It is time to build new job market for the new normal

We need not focus on recovery alone. Investment in skills development is a must

Artwork by Tristan Yuvienco

(This article is lifted from the book, MOMEN2M More Reforms for Economic Growth, published in 2021 and is a compilation of articles by the author, Calixto Chikiamco, Romeo Bernardo, Ramon Clarete, Emmanuel de Dios and Raul Fabella, edited by Roel Landingin, with foreword by Benjamin Diokno. For book availability, see links at the end of the story.)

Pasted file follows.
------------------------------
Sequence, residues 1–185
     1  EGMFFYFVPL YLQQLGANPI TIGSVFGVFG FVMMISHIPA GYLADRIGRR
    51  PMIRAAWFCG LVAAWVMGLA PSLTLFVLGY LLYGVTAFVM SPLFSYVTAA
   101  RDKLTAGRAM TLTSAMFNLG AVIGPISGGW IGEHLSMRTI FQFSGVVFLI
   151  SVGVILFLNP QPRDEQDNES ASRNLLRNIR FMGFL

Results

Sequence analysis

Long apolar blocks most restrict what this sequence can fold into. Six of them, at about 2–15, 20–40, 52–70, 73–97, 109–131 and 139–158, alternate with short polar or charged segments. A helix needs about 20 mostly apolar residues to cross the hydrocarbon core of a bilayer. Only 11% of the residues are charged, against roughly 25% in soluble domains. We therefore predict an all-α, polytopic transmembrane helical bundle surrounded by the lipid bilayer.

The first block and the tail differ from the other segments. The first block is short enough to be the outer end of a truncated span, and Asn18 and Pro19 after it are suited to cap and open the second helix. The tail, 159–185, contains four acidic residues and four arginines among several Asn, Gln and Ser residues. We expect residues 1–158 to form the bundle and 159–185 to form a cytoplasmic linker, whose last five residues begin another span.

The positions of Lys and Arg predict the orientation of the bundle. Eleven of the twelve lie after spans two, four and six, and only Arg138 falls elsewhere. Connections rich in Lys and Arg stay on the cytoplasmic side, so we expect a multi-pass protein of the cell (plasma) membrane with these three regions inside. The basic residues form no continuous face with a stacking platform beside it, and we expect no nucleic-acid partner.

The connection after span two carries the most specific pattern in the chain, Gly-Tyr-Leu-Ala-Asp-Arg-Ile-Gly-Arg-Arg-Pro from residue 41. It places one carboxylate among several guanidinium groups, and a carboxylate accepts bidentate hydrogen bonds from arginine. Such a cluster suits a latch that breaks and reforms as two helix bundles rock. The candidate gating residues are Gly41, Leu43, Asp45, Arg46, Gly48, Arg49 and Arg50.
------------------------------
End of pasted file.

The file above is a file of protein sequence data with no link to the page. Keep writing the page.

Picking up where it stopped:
MARCH 29, 2021—At the close of 2019, in what seems to be a lifetime ago, the Philippines was one of the most dynamic economies in the Asia-Pacific region. With increasing urbanization, a large and young population, and a growing middle class, the vibrant labor market was supported by strong consumer demand. Both the unemployment and underemployment rates were at their lowest in contemporary history, at 5.3% and 14.8%, respectively. The spread of the contagious coronavirus disease (COVID-19) in 2020, however, led to an economic and labor market shock affecting not only the production of goods and services but also consumption and demand. Businesses of all sizes faced serious challenges and while the Philippine government deployed wage subsidy schemes to minimize job losses, most micro, small, and medium enterprises’ (MSMEs) liquidity plummeted. Travel bans, quarantine restrictions, and costly sanitation measures as well as the loss of purchasing public due to the growing environment of uncertainty and fear led most firms to delay the hiring of workers, or worse, retrench their employees. As of January 2021, an estimated 17.6% of Filipinos were unemployed and without any source of income.